Share

Snow Day: The Making of the December 2014 Interactive Cover

Even people who hate the cold and inconvenience that come with snow enjoy the first snowfall of the season. Thanks to our December 2014 cover, you can experience that moment regardless of where you live. 

Our initial inspiration was a photo shot by Julien Coquentin in wintry Montreal. While we loved the mood of that piece, it couldn't be animated for our cover. Instead, we asked Erik Johansson to create an original photo illustration that felt similar but bore his unique stamp.

 

LOOKING FOR SNOW

 

Erik lives in Berlin, which was snow-free in November when we began the process. He headed to northern Sweden to shoot several of the elements as separate photos, including the person, the street, a light post, and a car. “The car was almost the hardest thing to find,” he remembers. Because it had been dry for a few days, Erik had to search for a car that still had a mantle of snow. For the building in the background, he returned to Berlin.

The final Adobe Photoshop CC composite contains 66 layers, plus a few smart objects with yet more layers. That’s not an unusually high number for Erik, who likes the control this approach gives him. “I’m used to clients asking me to move things around,” he says. To keep from being overwhelmed by all those layers, Erik gives them logical names and locations in the layer stack.

Erik’s photo-editing skills are excellent (read more about those in a previous article). However, careful planning before he even turns on a camera is just as crucial to the final image’s success.  “Looking for locations is a big part of it,” he says. He always considers the light and perspective at each location; he knows that viewers want even impossible images to look “right.” “Sometimes you have to fake the light. Faking perspective is harder.”

 

ADDING MOVEMENT

 

Once Erik and Adobe creative director Kashka Pregowska-Czerw worked out the details of the photo illustration, it was time to exploit the interactive potential of Adobe Digital Publishing Suite. “Sometimes an amazing still image is not enough,” says James Begera, executive creative director at Wrecking Ball Media Group. And so for the tablet edition of the magazine—where the snow changes direction depending on how you move the tablet—James worked with Grant Skinner.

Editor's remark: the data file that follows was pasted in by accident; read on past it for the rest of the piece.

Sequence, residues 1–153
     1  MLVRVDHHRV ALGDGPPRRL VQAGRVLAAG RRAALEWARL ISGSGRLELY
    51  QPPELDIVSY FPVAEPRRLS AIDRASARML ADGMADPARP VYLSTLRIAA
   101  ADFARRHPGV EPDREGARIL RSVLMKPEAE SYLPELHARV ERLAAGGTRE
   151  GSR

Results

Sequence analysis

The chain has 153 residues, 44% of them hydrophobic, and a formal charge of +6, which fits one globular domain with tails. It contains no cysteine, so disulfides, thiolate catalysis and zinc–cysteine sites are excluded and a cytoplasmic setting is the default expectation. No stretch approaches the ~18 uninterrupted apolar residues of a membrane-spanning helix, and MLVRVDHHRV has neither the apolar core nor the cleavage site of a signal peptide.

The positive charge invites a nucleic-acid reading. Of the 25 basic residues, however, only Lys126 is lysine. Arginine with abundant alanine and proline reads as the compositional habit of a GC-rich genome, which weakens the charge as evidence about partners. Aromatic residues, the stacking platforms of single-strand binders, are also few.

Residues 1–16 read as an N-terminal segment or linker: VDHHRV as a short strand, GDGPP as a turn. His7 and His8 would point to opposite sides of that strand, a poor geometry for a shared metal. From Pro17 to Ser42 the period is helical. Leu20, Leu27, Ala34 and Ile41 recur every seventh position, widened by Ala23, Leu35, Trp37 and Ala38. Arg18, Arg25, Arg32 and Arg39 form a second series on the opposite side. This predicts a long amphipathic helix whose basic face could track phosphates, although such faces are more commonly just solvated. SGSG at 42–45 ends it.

Grant runs a team of 20 developers and designers who work on interactive projects for Google, Microsoft, Adobe, and other heavy hitters. But adding the falling snow was Grant’s personal project.

“I got into simulating natural systems six or seven years ago,” Grant says. When it came to animating our December cover, he didn’t want to retread old ground. “Taking something I built in Flash and porting it over to HTML5 wouldn’t be a challenge. The fun is in the unknown, not the paths you’ve already walked.”

To study how snow moves, he only had to look outside his window—November snow in Edmonton is not hard to find. “One of the things you see when you watch snow is micro gusts,” he says. “Not all snow moves consistently left or right. Parts will go left, right, up, down.”

To model that behavior, Grant created a 2D flow field, which he describes as a “map of localized wind using overlapping sine waves.” You can see the flow field in action on Grant's website.

He built clouds of 150 snowflakes that varied in size and opacity. “Then it took careful choreography for those clouds to blend together well,” he remembers.  

As Grant noted, the technological core of the interactive snow is HTML5. On top of that is CreateJS, a suite of open source libraries built by Grant and his team.

 

SIMPLE? IF YOU SAY SO

 

Both Erik and Grant humbly downplay their talents, but this cover demanded technical mastery combined with a deep understanding of the natural world. The end results speak for themselves.